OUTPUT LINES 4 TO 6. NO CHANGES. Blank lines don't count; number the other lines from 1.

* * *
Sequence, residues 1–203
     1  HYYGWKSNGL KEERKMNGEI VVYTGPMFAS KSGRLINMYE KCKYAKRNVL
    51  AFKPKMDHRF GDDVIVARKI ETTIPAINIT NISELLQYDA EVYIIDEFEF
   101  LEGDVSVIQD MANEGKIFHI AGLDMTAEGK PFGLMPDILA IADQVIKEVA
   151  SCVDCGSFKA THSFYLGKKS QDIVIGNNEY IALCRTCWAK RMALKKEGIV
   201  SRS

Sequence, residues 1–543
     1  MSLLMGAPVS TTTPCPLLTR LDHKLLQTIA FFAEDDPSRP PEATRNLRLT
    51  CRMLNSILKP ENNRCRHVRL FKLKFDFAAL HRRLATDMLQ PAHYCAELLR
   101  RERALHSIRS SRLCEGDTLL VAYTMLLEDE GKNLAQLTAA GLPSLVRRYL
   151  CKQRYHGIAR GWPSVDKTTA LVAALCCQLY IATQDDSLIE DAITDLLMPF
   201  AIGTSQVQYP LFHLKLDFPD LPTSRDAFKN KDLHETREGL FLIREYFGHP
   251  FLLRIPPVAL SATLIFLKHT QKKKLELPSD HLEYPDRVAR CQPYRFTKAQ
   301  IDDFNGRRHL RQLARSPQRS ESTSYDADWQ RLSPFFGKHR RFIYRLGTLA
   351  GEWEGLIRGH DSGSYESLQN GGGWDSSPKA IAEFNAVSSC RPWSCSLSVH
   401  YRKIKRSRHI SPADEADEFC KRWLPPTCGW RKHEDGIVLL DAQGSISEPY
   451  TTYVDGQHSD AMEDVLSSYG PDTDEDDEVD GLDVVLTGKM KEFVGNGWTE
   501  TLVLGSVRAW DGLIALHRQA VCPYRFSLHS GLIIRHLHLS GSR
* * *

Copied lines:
   101  LEGDVSVIQD MANEGKIFHI AGLDMTAEGK PFGLMPDILA IADQVIKEVA
   151  SCVDCGSFKA THSFYLGKKS QDIVIGNNEY IALCRTCWAK RMALKKEGIV
   201  SRS